Starting again

Since my last post, i’ve decided that a virtual reboot of the whole Turning Signs enterprise was in order. The result, so far, is a radical revision of Chapter One. It begins:

January 2021, Little Current, Ontario, Planet Earth. January, month of Janus, is a traditional time for looking back and looking ahead. For over a year now i’ve been blogging about the transition. Some have called this time ‘the Great Unravelling,’ which is less forward-looking, and indeed the future seems less predictable than ever. I had vaguely foreseen this in the first chapter of Turning Signs as published in 2015 …

The rest is here, and i’d appreciate any comments, especially about its relevance to what we’re all living through at this time. It’s a bit shorter than it was before, so it shouldn’t take too much of your time – which, as we all know, is not a renewable resource. It might even be a welcome break from news about Covid and Trump. Thanks for even considering it, and thanks to you all for subscribing to this humble blog!

Common sensing

In Peircean terminology, Turning Signs could be described as a hybrid of cenoscopy and synthetic philosophy. Cenoscopy, as opposed to the idioscopic or specialized sciences such as physics and psychology, investigates

phenomena that are perfectly familiar to all mankind. Because these are founded on common observation, Bentham gave them the collective designation Cenoscopy, which I adopt as expressive of my own opinion of the basis on which these sciences, which are otherwise called Philosophy, rest.
— Peirce, MS 601 (c. 1906)

Cenoscopy then ‘embraces all that positive science which rests upon familiar experience and does not search out occult or rare phenomena’; for Peirce this, rather than metaphysics, is the real “first philosophy,” or at least ‘is better entitled (except by usage) to being distinguished as philosophia prima than ontology’ (EP2:372). Synthetic philosophy, on the other hand, ‘has been called philosophia ultima’ because it ‘embraces all that truth which is derivable by collating the results of different special sciences, but which is too broad to be established by any one of them’ (EP2:372).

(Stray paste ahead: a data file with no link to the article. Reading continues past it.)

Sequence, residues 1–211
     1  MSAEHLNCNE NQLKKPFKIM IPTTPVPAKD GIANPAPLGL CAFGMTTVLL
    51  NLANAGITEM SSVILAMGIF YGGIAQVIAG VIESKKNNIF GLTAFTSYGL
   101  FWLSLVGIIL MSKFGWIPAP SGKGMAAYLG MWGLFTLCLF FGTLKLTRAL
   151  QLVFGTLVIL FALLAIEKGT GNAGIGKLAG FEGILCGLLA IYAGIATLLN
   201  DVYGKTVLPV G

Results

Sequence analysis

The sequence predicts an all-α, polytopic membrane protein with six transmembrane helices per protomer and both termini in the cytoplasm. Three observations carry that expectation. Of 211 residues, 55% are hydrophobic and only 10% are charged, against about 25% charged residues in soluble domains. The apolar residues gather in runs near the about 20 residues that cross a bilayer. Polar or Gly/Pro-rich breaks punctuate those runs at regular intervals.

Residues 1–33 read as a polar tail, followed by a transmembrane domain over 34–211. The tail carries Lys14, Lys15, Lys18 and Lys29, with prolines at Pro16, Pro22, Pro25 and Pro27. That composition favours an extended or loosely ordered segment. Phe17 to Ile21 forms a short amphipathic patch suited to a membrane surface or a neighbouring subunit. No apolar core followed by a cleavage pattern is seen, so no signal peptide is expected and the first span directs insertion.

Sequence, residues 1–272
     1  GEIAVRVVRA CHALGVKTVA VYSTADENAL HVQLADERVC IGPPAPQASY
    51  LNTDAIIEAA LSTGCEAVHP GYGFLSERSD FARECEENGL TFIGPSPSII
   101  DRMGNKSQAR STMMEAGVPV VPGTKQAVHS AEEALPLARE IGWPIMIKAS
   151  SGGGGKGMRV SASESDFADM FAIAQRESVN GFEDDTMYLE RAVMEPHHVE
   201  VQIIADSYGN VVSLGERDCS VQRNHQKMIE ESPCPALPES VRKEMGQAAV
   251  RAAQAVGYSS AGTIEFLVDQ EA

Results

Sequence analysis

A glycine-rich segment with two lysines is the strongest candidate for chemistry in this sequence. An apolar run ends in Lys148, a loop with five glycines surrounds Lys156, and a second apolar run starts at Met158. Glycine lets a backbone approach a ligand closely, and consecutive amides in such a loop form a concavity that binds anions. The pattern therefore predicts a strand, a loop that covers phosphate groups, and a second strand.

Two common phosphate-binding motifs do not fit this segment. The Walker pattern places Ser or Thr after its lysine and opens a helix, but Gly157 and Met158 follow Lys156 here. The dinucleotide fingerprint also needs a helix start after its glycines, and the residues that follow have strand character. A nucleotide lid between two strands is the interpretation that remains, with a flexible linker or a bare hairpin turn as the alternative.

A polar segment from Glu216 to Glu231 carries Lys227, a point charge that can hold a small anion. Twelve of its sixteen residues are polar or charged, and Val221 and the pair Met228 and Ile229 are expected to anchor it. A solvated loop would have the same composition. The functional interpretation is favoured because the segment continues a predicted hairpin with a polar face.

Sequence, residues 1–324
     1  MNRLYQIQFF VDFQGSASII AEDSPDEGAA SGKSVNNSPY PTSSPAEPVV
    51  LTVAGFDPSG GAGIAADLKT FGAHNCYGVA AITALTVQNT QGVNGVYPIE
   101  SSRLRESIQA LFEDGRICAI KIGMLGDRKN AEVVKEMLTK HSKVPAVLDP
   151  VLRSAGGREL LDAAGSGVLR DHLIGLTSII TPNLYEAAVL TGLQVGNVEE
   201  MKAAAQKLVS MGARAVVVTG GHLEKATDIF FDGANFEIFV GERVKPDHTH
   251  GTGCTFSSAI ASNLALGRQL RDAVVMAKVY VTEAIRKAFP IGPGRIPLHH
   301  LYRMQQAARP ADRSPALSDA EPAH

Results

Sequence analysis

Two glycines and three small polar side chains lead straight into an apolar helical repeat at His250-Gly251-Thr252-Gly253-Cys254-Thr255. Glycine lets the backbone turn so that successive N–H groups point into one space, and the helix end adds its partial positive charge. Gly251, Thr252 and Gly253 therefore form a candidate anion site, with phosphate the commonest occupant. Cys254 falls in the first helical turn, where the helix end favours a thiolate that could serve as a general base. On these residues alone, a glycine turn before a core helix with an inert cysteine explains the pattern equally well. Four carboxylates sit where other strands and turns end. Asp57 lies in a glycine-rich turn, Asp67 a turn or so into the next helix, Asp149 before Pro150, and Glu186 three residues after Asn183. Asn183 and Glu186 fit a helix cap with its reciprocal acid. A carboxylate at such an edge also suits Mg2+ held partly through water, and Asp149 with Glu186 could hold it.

In other words, the philosophical inquiry reflected in Turning Signs aims at both the primary (or primal?) and the ultimate – the alpha and the omega. This makes it doubly useful in these apocalyptic or transitional times. Actually only the cenoscopic part should be called “inquiry,” or heuretic science as Peirce called it. He placed synthetic philosophy ‘at the head of the Retrospective Sciences’ (EP2:373), i.e. those which find new connections among observations previously made rather than making new observations of their own. But the reliance of cenoscopic inquiry on ‘familiar experience’ does not make it easier to practice, because it requires critical common sense.

The method of cenoscopic research presents a certain difficulty. In commencing it we are confronted with the fact that we already believe a great many things. These beliefs, or at least the more general of them, ought to be reconsidered with deliberation. This implies that it should be conducted according to a deliberate plan adopted only after the severest criticism. Indeed, nothing in cenoscopy should be embraced without criticism. Each criticism should wait to be planned, and each plan should wait for criticism. Clearly, if we are to get on at all, we must put up with imperfect procedure.
— Peirce, EP2:373

This is roughly equivalent to Merleau-Ponty’s observation about phenomenology: ‘The most important lesson of the reduction is the impossibility of a complete reduction.’

Perennial Turning

It’s pretty clear by now that a transformation of agricultural practices will be a necessary part of any just transition to a healthy Earth community. Several people and organizations engaged in this transformation have recently posted articles on resilience.org. One of them, the Land Institute, has published an open-access book called The Perennial Turn: Contemporary Essays from the Field. (You can download the free e-book from that site.)